Posted on: June 14, 2024 Posted by: Zarana Comments: 0

If you’re a yogurt lover, you’ve probably noticed the product selections expand significantly over the last decade. In some stores, the yogurt section can be as overwhelming as walking into a supplement store in search of the best multivitamin. Whether you’re looking for whipped, yogurt with mix-ins, full-fat, low-fat, fat-free, or non-dairy, there’s something for everyone. Lactose-free yogurt has garnered more attention and we’re seeing more options. But what is it, who is it made for, and how do you choose the best lactose-free yogurt brands?

Lactose and Lactose Intolerance

Lactose is a type of sugar (carbohydrate) found naturally in animal milk and dairy products. Chemically, it’s a disaccharide, which means it’s made of two simple sugars: glucose and galactose. To properly digest lactose, it has to be broken down into these simple sugars by an enzyme called lactase. It can then be absorbed into your intestinal tract. 

There are an estimated 4 billion adults with lactose intolerance around the world. One explanation for this is that humans begin losing the expression of the lactase enzyme after around 2 years of age. 

This is likely because it’s around this age when most children are done weaning from their mother’s milk and no longer require lactase to digest and absorb it properly. Interestingly, not everyone develops the same degree of lactase deficiency as they grow up and some adults can digest lactose (and consume dairy products) just fine. 

However, when the body produces insufficient lactase, lactose remains undigested in the gut, leading to symptoms of lactose intolerance such as bloating, gas, stomach cramps, and diarrhea. Lactose intolerance is common, particularly among adults, and varies widely among different populations and ethnic groups. The severity of the intolerance can also vary between people and not everyone with lactose intolerance has to completely avoid all dairy products.

What is Lactose-Free Yogurt?

Lactose-free yogurt is a dairy product specifically designed for people who are lactose intolerant. To make it, the lactase enzyme is added during production, which breaks down the lactose into simple sugars. The manufacturer might treat the milk with lactase before the fermentation process or simply use lactose-free milk in the process. 

The result is a yogurt that retains all the nutritional benefits and taste of regular yogurt without the unwanted side effects of lactose intolerance. This makes it an excellent dietary option for those who need to avoid lactose but still want to enjoy the creamy texture and probiotic benefits of traditional yogurt.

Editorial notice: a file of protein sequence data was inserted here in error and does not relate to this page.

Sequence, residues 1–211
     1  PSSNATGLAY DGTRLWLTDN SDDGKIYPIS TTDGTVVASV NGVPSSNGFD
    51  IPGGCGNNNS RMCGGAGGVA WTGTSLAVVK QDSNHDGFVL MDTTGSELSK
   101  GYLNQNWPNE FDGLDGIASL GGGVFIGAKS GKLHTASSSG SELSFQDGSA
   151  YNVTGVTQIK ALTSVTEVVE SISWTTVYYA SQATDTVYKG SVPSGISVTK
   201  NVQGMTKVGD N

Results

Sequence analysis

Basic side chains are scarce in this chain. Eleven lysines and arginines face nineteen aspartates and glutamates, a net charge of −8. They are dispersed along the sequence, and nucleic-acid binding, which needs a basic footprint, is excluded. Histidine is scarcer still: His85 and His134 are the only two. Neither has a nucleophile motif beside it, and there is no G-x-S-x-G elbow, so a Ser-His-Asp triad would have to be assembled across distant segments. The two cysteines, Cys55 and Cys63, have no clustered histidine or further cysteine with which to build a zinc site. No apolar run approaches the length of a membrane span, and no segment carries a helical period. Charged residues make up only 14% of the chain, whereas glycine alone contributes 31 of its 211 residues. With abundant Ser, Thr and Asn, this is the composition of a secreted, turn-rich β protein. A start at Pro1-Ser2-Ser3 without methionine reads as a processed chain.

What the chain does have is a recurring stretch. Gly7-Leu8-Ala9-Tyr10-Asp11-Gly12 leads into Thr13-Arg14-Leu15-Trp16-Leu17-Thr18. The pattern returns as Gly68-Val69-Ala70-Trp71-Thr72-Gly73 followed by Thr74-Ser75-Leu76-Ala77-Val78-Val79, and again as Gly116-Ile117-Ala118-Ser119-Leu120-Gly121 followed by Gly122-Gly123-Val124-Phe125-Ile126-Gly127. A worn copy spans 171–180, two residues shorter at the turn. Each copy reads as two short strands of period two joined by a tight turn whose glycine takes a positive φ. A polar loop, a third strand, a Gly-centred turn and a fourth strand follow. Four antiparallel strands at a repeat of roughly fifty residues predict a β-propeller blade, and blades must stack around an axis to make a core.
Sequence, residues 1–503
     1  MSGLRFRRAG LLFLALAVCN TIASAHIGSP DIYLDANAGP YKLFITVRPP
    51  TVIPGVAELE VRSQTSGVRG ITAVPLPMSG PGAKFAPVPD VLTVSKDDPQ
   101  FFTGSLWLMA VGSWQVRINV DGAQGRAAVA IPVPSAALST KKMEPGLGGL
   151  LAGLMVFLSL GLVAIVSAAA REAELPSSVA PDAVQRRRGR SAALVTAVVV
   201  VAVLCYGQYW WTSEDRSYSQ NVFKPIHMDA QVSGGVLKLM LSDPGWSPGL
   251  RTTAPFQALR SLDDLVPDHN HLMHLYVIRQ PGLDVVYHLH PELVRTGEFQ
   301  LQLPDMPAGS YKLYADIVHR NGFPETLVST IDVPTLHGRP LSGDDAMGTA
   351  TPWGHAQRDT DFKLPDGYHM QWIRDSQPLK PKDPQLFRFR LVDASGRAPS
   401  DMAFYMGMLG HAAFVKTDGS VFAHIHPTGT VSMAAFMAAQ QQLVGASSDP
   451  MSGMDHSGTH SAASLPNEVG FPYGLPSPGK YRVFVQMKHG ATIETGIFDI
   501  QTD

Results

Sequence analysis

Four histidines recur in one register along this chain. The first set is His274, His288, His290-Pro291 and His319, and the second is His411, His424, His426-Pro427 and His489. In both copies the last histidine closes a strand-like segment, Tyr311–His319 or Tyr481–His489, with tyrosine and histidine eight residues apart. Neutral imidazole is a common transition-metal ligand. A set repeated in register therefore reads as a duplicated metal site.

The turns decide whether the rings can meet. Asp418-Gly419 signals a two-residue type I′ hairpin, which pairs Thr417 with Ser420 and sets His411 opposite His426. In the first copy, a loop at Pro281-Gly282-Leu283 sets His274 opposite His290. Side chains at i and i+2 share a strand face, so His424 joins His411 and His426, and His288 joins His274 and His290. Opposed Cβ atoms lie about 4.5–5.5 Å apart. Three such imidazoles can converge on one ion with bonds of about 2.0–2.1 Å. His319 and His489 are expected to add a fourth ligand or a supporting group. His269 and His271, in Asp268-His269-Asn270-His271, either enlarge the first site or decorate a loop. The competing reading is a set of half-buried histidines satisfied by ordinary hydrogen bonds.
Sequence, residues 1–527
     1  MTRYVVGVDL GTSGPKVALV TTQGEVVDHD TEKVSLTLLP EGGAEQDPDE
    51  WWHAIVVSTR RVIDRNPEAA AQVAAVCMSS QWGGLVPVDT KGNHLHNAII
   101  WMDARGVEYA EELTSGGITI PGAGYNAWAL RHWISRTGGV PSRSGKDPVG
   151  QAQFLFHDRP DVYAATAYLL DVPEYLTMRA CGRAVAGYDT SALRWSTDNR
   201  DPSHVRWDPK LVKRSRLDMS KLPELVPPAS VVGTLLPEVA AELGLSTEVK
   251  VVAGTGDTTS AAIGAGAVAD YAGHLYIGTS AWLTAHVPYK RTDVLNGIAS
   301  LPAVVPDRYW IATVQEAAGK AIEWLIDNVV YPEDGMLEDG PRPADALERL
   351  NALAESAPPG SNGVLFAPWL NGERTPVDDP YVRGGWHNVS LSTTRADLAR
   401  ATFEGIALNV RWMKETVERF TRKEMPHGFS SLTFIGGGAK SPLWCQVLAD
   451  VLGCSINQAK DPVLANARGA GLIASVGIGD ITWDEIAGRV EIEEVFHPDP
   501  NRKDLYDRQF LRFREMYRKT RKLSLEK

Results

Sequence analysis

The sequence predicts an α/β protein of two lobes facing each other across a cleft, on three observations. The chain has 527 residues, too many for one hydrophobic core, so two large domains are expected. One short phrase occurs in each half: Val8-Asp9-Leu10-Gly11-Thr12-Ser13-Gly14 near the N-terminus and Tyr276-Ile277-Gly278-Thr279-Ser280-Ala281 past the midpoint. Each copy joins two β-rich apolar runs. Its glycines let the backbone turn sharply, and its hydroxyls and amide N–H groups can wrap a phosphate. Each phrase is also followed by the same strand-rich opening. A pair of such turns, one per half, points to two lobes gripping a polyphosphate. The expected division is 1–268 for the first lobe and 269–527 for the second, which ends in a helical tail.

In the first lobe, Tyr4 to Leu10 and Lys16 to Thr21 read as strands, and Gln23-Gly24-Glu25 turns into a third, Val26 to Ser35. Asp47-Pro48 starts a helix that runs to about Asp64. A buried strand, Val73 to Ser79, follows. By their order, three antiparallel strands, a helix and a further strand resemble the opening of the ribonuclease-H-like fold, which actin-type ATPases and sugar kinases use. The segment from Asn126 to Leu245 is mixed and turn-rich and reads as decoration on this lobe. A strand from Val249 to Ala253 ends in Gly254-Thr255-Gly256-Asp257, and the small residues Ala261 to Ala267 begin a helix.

Types of Lactose-Free Yogurt

Luckily, my lactose-free friends aren’t stuck with just one option when searching for a yogurt they can tolerate. You may be pleasantly surprised by how many there are, including: 

  • Plain: Made without added flavors or sweeteners, this option has a neutral taste ideal for cooking, baking, or as a base for smoothies, sauces, and dressings. 
  • Flavored: Available in flavors like vanilla, strawberry, blueberry, and peach, these are sweetened and often have fruit pieces or purees mixed in, making them a nice quick snack, dessert, or breakfast food.
  • Greek-style: Greek-style yogurt is strained to remove much of the whey, resulting in a thicker, creamier texture with higher protein content. Use it in place of sour cream or as a high-protein snack.
  • Probiotic-enriched: This yogurt has added live cultures and probiotics to offer extra gut health benefits. Look at the label to verify that it has live and active cultures.
  • Drinks: There are lactose-free drinkable yogurts that come in various flavors and are designed for convenience, whether you want them for a quick breakfast, snack, or to add to smoothies. 
  • Non-dairy: These are naturally lactose-free because they’re not derived from cow’s milk. If you prefer to avoid all dairy products, look for plant-based yogurts made from soy, coconut, oats, almonds, or cashews.

Nutritional Profile

Just because yogurt doesn’t contain lactose doesn’t mean it suffers nutritionally. Here’s a look at the basic nutritional makeup of lactose-free yogurt:

  • Calories: The calorie content depends on its fat content and whether it contains added sugars or flavors. Plain, fat-free, or certain non-dairy versions generally have fewer calories.
  • Protein: Lactose-free yogurt is a good source of high-quality protein, which is essential for muscle repair, growth, and overall body function. Greek-style typically has higher protein content than regular.